Overall.06].e. physicians in family medicine (mean 51 %). primary care (Supplementary tables 5. internal medicine (mean 45 %).Dig Dis Sci (2015) 60:3234–3241 3237 Fig.02 (attending [ trainee). Univariate analysis ken down by attending or trainee (Supplementary table 4). the responses were highest for primary care physicians. Likewise. internal medicine 28 %. but Data were further analyzed by specialty and level of all groups answered this question correctly more frequently training (i. In contrast. and geriatricians (mean 45 %) Predictors of Response were most likely to make recommendations consistent with current guidelines..10. 6). geriatricians 26 %) but with sim- ilarly higher averages compared with 8 % for gastroen- Specialty terologist. institution B p = 0. institution C p = 0. was significant for self-reported familiarity with the 123 . aspirin. answering all the questions correctly. gastroenterologists reported All demographic data were analyzed for predictors of a mean of 22 % correct. 1 Inclusion and exclusion of participants 941 surveys administered Institution A Institution B Institution C 487 surveys sent out 276 surveys sent out 178 surveys sent out 7 Attendings declined 2 Attendings declined 1 Attending & 1 Resident 1 Attending autoaway email autoaway emails for all for all emails emails 374 completed survey(78%) 216 completed survey(79%) 150 completed survey(85%) Table 1 Demographic information of survey respondents—might stay the same Total Attendings Trainees n = 740 (%) n = 357 (%) n = 383 (%) Medical center A 374 (51) 213 (57) 161 (43) Medical center B 216 (29) 73 (34) 143 (66) Medical center C 150 (20) 71 (47) 79 (53) Median year graduation from medical school (range) 2006 (1954–2013) 1995 (1954–2010) 2010 (1995–2013) US medical school graduates 598 (84) 293 (49) 305 (51) International medical graduates 114 (16) 60 (53) 54 (47) Attending internal medicine board certification NA 319 (89) NA Internal medicine/primary care 463 (64) 171 (37) 292 (63) Cardiology 53 (7) 29 (55) 24 (45) Family medicine 46 (6) 26 (57) 20 (43) Geriatrics 19 (3) 14 (74) 5 (26) Infectious diseases 38 (5) 24 (63) 14 (37) Gastroenterology 66 (9) 49 (74) 17 (26) Hospitalist 43 (6) 42 (98) 1 (2) Pulmonary 1 (0) 1 (100) 0 (0) when analyzed between attendings and trainees based on When looking at the data regarding continuation of institution [institution A p = 0. for the question regarding NSAIDs. attending and trainee). The data were similar when bro. the mean was lower (family medicine 39 %.

012–0.0001). medicine is currently practiced [14].052 to -0. 95 % CI 0. 18]. and year of graduation from medical school potential complications. Despite these findings and practice guidelines advising continued use of aspirin. the more familiar physicians thought they were with the practice guideline.106.102. medical heuristics. reported similar findings citing lack of awareness of ings were self-reported individual familiarity with current guidelines. physicians still do not Discussion appear to be adhering to these recommendations.041–0. their aspirin continuously even prior to endoscopy in nearly p \ 0.108. 95 % CI 0. While our study did not assess predictors of non- analysis. Nonetheless. it is possible that underlying the gastroen- and current teaching/supervising trainees (0. and current teaching/supervising trainees likely to recommend for the cessation of both aspirin and (0. they may be more attune to the importance of 0% Continue aspirin before endoscopy Continue nsaids before endoscopy taking aspirin on a daily basis compared with gastroen- terologists. Ulti- mately. of aspirin before endoscopy. primary care physicians 70% including internal medicine. 95 % CI without the use of any antiplatelet agents. and inertia from guideline (-0. level of training (0. 95 % CI Evidence-based medicine is one of the tenets of how -0. 95 % CI 0.030. gastroenterologists were most p \ 0. differences between attendings and trainees.082–0.001) compliance. and 123 .100. 95 % physicians still use anecdotal experience to influence their CI 0.048. decision making. [16] predictors of answering both questions correctly for attend. clinical inertia.056. 95 % CI 0.010). In contrast. in our study.152. 95 % CI terologists’ preference to stop both aspirin and NSAIDs 0.011. It is. Surprisingly. Interesting.0001) (Table 2). 17. specialty (0.0001). and geria- tricians correctly advised patients in more cases to continue 60% their medications as per the current guidelines. 30% 64% The success of aspirin in preventing myocardial 52% infarction in both primary and secondary prevention is well 20% studied [6–9]. However. ported familiarity with the guideline (-0. Univariate and prior anecdotal experience [15].0004). family medicine. Interest- 50% ingly.002). p = 0.004–0.030–0. a substantial number of p 0.138. carries a 1. in order to effectively institute change and adher- Despite the presence of compelling evidence regarding the ence to practice guidelines the following three principles safety of continuing both aspirin and NSAIDs prior to are critical: knowledge of the guidelines. our survey study found physicians foster new ideas and acceptance of new practices.001 to 0.058–0.003.054. patients would still erroneously stop their aspirin with p \ 0. prior practice as reasons why guidelines are not adhered to.002).074.0012). 95 % CI -0.64/1000 risk of bleeding.022–0.0001). therefore.007 to -0. colonoscopy -0. before endoscopy may be related to anecdotal experience Predictors of correct responses among trainees was the of a complication from postprocedure bleeding. Even more concerning is the fact (-0. level of training (0. 95 % CI -0.033 to -0.017).067. Attending 90% 92 % of gastroenterologists recommended against the use Trainee of aspirin prior to procedures and 64 % advised to stop 80% NSAIDs as well. Cabana et al.029. p = 0.032. have indicated that aspirin usage does not change this risk [11. 95 % CI -0. p \ 0.088. familiarity.031). A study of influences that explained non- adherence to NSAIDs prescribing guidelines found the Predictors of Response by Level of Training following predictive factors: lack of familiarity with guidelines. specialty (0. lack of agreement. 50 % of cases. perceived limited validity of guidelines. p 0. specialty (0. Multi.194. limited Post hoc analysis was performed on the data looking for applicability of them.3238 Dig Dis Sci (2015) 60:3234–3241 100% still recommend cessation of these drugs.050.056. 95 % CI 0. p = 0. p = 0.082. p \ 0. Figure 3 shows inverse.163.035) remained significant (Table 2). p = 0.059–0. 2 Percent correct answers to survey questions physicians in aggregate recommended that patients use guideline (-0. not surprising that primary care Fig. the less likely they were to answer 40% the theoretical scenarios correctly. p = 0.005. Given that primary care physicians prescribe 28% 10% 21% the aspirin and see the complications related to myocardial infarction. and multiple studies ear relationship between PGY and percent questions correct. attitudes which endoscopic procedures. In multivariate NSAIDs.159. that gastroenterologists frequently advised against the use variate analysis revealed statistical significance for self-re. and specialty (0. many 95 % CI 0.107. lin.003 to -0.133. Even level of postgraduate year (PGY) training (-0.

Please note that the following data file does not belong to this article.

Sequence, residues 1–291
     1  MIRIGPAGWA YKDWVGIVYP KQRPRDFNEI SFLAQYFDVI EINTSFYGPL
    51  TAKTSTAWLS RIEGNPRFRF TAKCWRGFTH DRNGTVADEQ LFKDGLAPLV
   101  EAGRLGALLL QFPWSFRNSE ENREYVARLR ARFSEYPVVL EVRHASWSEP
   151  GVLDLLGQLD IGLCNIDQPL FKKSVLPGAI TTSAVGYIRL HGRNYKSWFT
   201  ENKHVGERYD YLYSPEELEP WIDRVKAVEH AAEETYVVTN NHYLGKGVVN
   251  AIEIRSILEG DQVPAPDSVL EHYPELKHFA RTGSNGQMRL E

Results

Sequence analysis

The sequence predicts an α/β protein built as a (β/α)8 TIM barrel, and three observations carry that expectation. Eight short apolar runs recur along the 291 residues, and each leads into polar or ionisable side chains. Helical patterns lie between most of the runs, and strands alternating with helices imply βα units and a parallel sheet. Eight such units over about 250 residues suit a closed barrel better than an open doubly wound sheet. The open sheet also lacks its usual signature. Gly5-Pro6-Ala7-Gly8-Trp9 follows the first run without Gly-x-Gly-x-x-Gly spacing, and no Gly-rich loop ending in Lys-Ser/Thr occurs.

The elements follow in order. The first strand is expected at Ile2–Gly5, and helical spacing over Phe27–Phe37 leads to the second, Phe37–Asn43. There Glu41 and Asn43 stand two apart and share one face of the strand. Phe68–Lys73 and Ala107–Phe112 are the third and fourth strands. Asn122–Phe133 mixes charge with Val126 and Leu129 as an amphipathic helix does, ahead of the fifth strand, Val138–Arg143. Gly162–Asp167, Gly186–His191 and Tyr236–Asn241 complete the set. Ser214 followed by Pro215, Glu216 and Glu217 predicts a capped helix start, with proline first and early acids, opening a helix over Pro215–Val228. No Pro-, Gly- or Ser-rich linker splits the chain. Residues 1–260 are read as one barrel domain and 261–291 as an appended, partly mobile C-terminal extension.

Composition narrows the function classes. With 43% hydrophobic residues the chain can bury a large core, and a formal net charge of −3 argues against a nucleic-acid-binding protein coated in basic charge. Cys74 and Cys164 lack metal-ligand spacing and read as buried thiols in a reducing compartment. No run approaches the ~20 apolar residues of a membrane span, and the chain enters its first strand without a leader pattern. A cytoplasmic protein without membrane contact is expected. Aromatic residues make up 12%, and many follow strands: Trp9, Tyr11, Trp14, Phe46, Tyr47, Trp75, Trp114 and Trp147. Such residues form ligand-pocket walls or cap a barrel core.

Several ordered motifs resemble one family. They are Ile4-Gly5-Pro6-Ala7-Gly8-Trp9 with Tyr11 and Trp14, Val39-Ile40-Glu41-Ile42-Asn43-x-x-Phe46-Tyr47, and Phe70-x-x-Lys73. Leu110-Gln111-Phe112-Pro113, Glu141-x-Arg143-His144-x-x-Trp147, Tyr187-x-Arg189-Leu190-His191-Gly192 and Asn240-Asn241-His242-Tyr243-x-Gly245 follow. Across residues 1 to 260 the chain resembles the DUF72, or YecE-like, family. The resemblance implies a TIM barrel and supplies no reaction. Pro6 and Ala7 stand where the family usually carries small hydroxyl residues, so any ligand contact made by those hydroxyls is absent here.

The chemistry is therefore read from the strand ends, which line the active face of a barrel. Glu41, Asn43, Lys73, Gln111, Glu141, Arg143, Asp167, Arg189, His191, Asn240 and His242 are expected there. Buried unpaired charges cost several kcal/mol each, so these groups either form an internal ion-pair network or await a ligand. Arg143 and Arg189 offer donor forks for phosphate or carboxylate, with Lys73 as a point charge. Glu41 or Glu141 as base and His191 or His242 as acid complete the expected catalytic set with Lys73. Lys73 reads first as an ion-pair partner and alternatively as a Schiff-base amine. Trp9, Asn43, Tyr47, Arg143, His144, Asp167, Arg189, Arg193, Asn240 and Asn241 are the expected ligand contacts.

030 -0. 123 .Dig Dis Sci (2015) 60:3234–3241 3239 Table 2 Univariate and multivariate analysis of predictors of correct responses to all survey questions Univariate analysis Multivariate analysis Coefficient 95 % CI p value Coefficient 95 % CI p value (b) (b) All respondents Self-reported individual familiarity with current -0.302 guidelines Specialty (compared to gastroenterologists) 0.016 to -0.004 to 0.106 0.056 0. teaching in 2010.002 IMG international medical graduate. improvements in knowledge and its appli- agree with the recommendation to stop the medications.063 Current teaching/supervising residents or fellows 0.001 Year of graduation from medical school -0.012 -0.159 \0.133 0. As medical education shifts toward the Carnegie possible risk of bleeding if they view the medications as foundation recommendations with integrated problem- nonessential.248 What is your level of training (PGY level) -0.082–0.025 to 0.102 0.170 0. and absence of external barriers to perform recom.010 Specialty (compared to gastroenterologists) 0.054 0.012–0.138 0. it is important to overcome these barriers and ance with these new recommendations [16].058–0.048 -0.071 to 0.012 -0. thereby leading the gastroenterologist to based learning. This may be an explanation for our tice.059–0.022 -0. Each of these domains is potential reasons training were more versed in the actual guidelines and less why gastroenterologists who are actually performing the influenced by clinical experience influencing their decision.003 -0.633 Location of medical school (US vs IMG) 0. institute practices that are based on strong evidence such as Another potential reason for why gastroenterologists the safety of continuing aspirin and NSAIDs prior to rou- may recommend for cessation of aspirin and NSAIDs is a tine endoscopy.007 to -0.152 \0.193 \0.003 to 0.056 0.004–0.519 Attendings Self-reported individual familiarity with current -0.046 0. US United States Statistically significant variables are given in bold behaviors which allow for change and encourage compli. Nevertheless.022–0.025 -0. experience [22. self-efficacy.030 -0.075 Percentage of time spent in direct patient care 0.002 0.108 0. procedures may recommend against continuing medica.029 -0. disagreement in the validity of the guidelines.018 -0.067 -0. Recent Interestingly.001 to 0. The classic model of guideline recommendation given the lack of supporting medical school teaching has revolved around the Flexner evidence [19–21].001 to 0.163 0.0001 Year of graduation from medical school -0.0001 -0.090 to 0. ability to overcome inertia of previous prac.082 0.107 0.05 to -0.041–0. in our study.063 guidelines Specialty (compared to gastroenterologists) 0.021 0.101 0.035 Board certification in internal medicine -0.005 0. 23].011 0.033 to -0.001 to 0.052 0.005 0. [16] reported on seven key recommendations from 1910 [22.005 to 0.031 guidelines Level of training (attending vs trainee) 0. This established the barriers to physician adherence to practice guidelines: 4-year curriculum and focus on textbook factual memo- awareness. the less likely they were to make the appropriate recommendations are based on expert opinion which may recommendations prior to endoscopy compared with those lead one to have a differing opinion and deviate from the who had just finished medical school.017 -0.25 Location of medical school (US vs IMG) 0.0004 0.002 0. integration of formal knowledge with the clinical experi- Patients may prefer to stop the medications given the ence [23]. the farther into one’s PGY studies have noted that many of the practice guidelines training.032 -0.040 0.003 to -0.050 0.0001 0.048 0.0001 0. Cabana et al. finding that physicians closest to their medical school mendations.030–0. outcome rization followed by a residency that is rooted in clinical expectancy.001 -0. familiarity.453 Trainees Self-reported individual familiarity with current -0. 23].081 to 0. In the Carnegie foundation report for the advancement of tions that theoretically could increase the risk of bleeding.074 0.002 -0.100 0. PGY postgraduate year.084 -0.088 0.002 0. they encouraged a shift to focus more on Another important barrier is patient preference [16].050 0.058 Location of medical school (US vs IMG) -0. agreement.035 -0. cation into clinical practice will likely improve.